Canadian economy 2013: losing some luster?

Author:Kranc, Joel
Position:GLOBAL GLANCE - Bank of Canada
 
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With a new year comes the opportunity to re-set. For the global economy, 2012 did not provide any great leaps forward in growth and in many respects provided causes for continued concern. The fiscal cliff in the United States, weakness in the Chinese economy and a slide back into recession for Europe all marked the year.

In Canada, though, since the Great Recession, the world has looked at its economy as somewhat of a model--a place where muted growth and opportunity were on the uptick and where fiscal prudence and a strong banking system allowed it to grow while other nations were in economic decline.

And though Canada also experienced its own recession, it still managed to outperform other G-7 nations. So, it has become accustomed to moderate growth, even in hard times, and the accolades that go with it.

For 2013, however, Canada may find itself in a different situation. While there are no fears of a recession, a housing crisis or the problems that other nations are facing, growth and the economy in general are expected to experience a slower pace with perhaps more gains realized in the following year.

THE CHALLENGES

Craig Alexander, chief economist at TD Bank, says during the most recent recession there were essentially three things doing the economic heavy lifting: government spending (via stimulus), strength in real estate (due to lower interest rates) and consumer spending (also tied to housing).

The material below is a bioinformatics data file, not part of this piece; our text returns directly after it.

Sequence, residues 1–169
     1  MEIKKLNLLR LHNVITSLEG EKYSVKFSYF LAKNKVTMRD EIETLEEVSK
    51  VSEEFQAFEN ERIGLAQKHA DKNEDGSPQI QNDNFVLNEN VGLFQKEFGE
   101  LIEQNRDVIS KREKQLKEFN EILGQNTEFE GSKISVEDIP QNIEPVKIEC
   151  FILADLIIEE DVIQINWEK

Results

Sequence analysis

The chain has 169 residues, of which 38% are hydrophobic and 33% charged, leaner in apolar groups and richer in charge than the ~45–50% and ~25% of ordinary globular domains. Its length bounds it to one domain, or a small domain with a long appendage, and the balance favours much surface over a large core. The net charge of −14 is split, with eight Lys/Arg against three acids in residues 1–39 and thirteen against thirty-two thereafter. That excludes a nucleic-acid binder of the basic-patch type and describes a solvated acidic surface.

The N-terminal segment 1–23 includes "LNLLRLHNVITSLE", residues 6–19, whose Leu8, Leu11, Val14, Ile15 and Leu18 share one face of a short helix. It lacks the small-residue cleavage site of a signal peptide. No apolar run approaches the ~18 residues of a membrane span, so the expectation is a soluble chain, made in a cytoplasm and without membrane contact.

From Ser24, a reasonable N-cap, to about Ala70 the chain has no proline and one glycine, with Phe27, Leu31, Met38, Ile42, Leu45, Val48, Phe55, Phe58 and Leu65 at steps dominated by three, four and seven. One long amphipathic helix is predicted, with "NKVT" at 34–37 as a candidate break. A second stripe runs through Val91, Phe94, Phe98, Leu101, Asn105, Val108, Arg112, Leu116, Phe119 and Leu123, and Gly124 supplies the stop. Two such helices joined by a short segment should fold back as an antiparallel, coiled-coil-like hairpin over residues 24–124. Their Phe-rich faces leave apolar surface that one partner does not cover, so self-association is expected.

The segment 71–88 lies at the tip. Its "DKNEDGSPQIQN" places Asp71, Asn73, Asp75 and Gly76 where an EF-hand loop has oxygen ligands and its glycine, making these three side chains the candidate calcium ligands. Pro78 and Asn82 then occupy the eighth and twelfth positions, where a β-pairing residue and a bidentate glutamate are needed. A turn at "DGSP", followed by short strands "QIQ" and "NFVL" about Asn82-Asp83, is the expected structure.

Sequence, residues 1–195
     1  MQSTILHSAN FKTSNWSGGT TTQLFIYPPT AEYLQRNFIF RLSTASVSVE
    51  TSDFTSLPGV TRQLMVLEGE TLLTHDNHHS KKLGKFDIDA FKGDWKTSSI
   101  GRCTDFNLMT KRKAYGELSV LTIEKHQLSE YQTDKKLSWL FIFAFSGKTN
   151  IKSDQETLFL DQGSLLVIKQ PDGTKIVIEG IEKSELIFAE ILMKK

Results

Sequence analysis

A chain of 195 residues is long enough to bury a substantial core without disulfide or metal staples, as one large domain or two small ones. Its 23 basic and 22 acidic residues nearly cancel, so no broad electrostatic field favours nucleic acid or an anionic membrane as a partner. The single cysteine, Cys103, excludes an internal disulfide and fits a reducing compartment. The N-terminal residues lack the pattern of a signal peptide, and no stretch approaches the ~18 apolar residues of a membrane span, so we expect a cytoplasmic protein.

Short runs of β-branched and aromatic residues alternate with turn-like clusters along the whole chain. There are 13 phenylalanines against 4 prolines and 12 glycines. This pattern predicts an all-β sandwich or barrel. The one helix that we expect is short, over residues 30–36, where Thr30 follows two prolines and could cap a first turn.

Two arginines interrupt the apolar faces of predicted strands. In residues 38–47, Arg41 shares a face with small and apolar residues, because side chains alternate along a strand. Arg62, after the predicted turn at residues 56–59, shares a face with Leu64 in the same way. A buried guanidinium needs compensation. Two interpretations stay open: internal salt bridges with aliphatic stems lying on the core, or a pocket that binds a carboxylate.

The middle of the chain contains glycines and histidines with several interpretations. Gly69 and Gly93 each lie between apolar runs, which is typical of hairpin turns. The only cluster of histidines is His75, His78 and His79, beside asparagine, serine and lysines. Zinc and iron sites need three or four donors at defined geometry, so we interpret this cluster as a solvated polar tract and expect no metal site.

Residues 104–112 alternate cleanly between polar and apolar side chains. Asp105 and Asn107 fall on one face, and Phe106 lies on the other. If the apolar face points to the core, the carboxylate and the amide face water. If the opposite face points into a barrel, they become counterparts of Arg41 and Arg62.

"If you think about the forecast going forward, we have a fundamental challenge," says Alexander. "Those three areas cannot be the engines of economic growth."

He notes that governments are turning their attention to deficit fighting and commitment to balance their books over the next several years. On average, government constraint will probably slow the economy by about a half a percent a year for the next couple of years. "It's not enough to derail the economy but it will constrain how fast the economy grows," he says.

The second challenge is the overvalued real estate market and affordability that is problematic in certain urban markets. "In the wake of an exceedingly low interest rate environment for a long period of time, you would expect some excess investment and some over-valuation. The over-valuation is by about 10 percent," says Alexander.

The third economic driver is consumer spending, which, over time, has led to a debt-to-income ratio at an all-time high in Canada--approximately 163 percent. "That is higher than the debt that...

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